Prominent scapulae mimicking an inherited myopathy expands the phenotype of CHD7-related disease

O'Grady, G. L., Ma, A., Sival, D., Wong, M. T. Y., Peduto, T., Menezes, M. P., Young, H., Waddell, L., Ghaoui, R., Needham, M., Lek, M., North, K. N., MacArthur, D. G., van Ravenswaaij-Arts, C. M. A. & Clarke, N. F., Aug-2016, In : European Journal of Human Genetics. 24, 8, p. 1216-1219 4 p.

Research output: Contribution to journalArticleAcademicpeer-review

Copy link to clipboard


  • Prominent scapulae mimicking an inherited myopathy expands the phenotype of CHD7

    Final publisher's version, 484 KB, PDF document

    Request copy


CHD7 variants are a well-established cause of CHARGE syndrome, a disabling multi-system malformation disorder that is often associated with deafness, visual impairment and intellectual disability. Less severe forms of CHD7-related disease are known to exist, but the full spectrum of phenotypes remains uncertain. We identified a de novo missense variant in CHD7 in a family presenting with musculoskeletal abnormalities as the main manifestation of CHD7-related disease, representing a new phenotype. The proband presented with prominent scapulae, mild shoulder girdle weakness and only subtle dysmorphic features. Investigation revealed hypoplasia of the trapezius and sternocleidomastoid muscles and semicircular canal defects, but he did not fulfill diagnostic criteria for CHARGE syndrome. Although the shoulders are often sloping and anteverted in CHARGE syndrome, the underlying neuromuscular cause has never been investigated. This report expands the phenotypes associated with CHD7 mutations to include a musculoskeletal presentation, with hypoplasia of the shoulder and neck muscles. CHD7 should be considered in patients presenting in childhood with stable scapular winging, particularly if accompanied by dysmorphic features and balance difficulties.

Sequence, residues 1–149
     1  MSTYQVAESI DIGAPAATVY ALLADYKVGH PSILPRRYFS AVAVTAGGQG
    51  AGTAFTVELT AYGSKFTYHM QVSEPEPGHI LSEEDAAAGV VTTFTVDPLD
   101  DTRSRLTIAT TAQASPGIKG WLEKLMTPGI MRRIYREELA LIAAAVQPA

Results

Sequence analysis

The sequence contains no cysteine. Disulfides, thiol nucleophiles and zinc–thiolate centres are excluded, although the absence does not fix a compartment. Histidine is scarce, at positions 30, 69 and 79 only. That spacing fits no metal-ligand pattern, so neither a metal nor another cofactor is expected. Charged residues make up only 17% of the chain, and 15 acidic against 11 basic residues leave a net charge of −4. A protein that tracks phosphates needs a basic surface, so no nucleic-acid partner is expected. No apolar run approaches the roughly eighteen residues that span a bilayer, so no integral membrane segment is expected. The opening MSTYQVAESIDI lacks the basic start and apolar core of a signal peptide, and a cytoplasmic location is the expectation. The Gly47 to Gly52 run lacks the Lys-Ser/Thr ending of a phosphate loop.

Original languageEnglish
Pages (from-to)1216-1219
Number of pages4
JournalEuropean Journal of Human Genetics
Issue number8
Early online date27-Jan-2016
Publication statusPublished - Aug-2016



ID: 34534362